A scene in the second act, depicting Paulette Buonufonte (Addie Akin) and other characters in the salon. (Photo by Veda Thangudu.)
A scene in the second act, depicting Paulette Buonufonte (Addie Akin) and other characters in the salon.

Photo by Veda Thangudu.

Action in the auditorium

'Legally Blonde: The Musical' touches down at FHS.

November 18, 2022

Fiction and music have always been a significant part of human culture. One of storytelling’s earliest forms is live theater which consists of, actors performing their roles live in front of an audience. The performing arts program is currently putting on the musical ‘Legally Blonde’, with the show running Nov. 17 through Nov. 19. 

   “With theatre or any type of performing arts, we are like family and performing in any show is really special because you are spreading joy to an audience,” senior Trey Weger said.

   Many stories connect with their audiences by commentating on the human experience. ‘Legally Blonde is a story about love, effort, and being true to one’s personality. Connections are prevalent between characters and real people, with one of the strongest character-person connections being between an actor and their role.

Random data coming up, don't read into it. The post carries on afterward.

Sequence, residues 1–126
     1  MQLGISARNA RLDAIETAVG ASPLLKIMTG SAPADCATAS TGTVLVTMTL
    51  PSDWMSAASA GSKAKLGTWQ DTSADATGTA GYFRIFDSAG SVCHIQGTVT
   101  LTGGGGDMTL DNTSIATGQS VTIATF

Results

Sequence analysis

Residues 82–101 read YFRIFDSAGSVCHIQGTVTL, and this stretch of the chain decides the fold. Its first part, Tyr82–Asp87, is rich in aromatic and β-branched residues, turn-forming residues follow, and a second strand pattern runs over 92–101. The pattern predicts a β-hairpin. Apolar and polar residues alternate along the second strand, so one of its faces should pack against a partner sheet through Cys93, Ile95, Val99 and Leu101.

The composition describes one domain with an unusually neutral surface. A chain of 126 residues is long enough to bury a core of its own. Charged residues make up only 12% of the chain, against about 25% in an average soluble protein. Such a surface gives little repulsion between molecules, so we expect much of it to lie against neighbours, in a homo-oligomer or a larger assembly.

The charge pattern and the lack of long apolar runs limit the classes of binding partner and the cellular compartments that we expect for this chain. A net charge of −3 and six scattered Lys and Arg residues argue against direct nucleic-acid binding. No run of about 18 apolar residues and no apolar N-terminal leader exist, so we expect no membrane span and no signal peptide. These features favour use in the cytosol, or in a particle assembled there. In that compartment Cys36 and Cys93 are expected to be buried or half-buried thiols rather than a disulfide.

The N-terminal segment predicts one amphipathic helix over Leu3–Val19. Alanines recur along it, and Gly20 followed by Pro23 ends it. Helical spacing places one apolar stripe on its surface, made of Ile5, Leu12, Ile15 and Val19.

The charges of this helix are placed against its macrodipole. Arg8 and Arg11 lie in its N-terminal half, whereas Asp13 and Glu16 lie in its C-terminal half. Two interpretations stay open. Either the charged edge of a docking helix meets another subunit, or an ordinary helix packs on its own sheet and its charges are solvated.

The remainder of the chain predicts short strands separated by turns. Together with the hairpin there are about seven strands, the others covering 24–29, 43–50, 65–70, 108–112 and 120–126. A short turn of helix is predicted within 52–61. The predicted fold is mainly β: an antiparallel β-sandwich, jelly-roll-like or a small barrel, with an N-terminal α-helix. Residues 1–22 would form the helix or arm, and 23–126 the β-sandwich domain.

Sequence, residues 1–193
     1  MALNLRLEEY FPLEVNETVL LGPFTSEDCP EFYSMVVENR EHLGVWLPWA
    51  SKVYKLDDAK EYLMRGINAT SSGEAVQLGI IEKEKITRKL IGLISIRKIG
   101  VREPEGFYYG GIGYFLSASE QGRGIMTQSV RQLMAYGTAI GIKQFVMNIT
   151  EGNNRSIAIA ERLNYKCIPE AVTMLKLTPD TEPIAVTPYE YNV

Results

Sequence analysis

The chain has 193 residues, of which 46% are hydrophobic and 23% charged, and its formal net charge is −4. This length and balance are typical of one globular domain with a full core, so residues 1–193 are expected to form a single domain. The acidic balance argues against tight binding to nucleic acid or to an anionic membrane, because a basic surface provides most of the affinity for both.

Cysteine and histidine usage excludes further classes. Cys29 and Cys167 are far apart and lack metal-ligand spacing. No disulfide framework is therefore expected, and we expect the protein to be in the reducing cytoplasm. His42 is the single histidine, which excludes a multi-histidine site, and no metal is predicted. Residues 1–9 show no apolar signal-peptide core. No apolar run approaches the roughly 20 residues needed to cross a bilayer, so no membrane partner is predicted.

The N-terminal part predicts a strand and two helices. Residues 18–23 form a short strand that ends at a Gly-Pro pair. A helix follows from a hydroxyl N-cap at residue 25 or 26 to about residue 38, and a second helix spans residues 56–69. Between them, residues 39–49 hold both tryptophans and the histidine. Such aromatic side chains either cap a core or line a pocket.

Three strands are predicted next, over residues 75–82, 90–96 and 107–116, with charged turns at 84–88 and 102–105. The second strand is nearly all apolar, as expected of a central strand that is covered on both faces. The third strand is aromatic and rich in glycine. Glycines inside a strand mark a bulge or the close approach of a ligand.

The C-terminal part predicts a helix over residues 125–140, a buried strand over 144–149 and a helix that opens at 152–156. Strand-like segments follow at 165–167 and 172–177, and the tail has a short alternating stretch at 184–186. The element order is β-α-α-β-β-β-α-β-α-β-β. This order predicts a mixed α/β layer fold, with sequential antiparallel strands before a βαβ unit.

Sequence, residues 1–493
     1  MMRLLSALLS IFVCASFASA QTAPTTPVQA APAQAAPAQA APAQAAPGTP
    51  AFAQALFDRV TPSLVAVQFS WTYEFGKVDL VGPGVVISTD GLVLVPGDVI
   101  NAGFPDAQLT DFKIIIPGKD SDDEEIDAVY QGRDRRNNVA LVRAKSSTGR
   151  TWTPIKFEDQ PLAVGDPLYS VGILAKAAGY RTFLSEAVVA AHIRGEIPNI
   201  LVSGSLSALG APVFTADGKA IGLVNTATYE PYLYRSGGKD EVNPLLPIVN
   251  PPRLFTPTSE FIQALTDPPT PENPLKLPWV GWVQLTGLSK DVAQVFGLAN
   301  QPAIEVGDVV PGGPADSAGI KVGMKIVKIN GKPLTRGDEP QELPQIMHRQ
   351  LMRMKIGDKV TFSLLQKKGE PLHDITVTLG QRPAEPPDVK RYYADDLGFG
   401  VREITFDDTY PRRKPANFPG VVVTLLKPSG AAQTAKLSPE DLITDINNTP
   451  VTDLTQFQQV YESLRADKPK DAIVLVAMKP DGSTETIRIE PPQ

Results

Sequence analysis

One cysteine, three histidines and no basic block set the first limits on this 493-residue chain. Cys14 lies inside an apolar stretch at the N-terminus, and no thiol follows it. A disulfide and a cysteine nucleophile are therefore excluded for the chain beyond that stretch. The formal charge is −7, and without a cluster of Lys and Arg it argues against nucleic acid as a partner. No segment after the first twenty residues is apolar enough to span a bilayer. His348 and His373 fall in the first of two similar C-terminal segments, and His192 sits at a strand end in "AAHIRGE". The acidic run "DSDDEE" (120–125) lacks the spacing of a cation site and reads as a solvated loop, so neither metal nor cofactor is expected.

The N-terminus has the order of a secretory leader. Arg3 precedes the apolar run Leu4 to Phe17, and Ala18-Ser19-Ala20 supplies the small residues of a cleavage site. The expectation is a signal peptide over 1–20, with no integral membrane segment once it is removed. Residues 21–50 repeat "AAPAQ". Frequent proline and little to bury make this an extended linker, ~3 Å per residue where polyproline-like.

“I love [Pilar] because she’s like a version of me, so I get to play myself, but on stage,” actor and junior Claire McCaskill said.

   As with every musical, the cast and crew both put in a lot of effort to make the show possible. In addition to the usual work, this was also the first show the new director, Ms. Rund, led. After the challenges of preparing the show, ‘Legally Blonde’ was viewed by hundreds in the auditorium throughout the weekend.

A scene in the first act of the musical, introducing the characters of Elle Woods (Grace Mendel) and Warner Huntington III (Cory Wilcher). (Photo by Veda Thangudu.)

   “I think it was good for what it was,” McCaskill said. “It’s a lot harder with the new director this year, but I think she’s doing great, and it’s been fun.” 

   Performance is a unique form of art and one that requires hours of practice and skill. Many students find entertainment in not just watching a show, but also helping to put one on.

   “ I love performing in musicals,” Weger said. “Not a lot of people can go up on a stage and sing their hearts out to hundreds of people and that is the thrill of it as well.”

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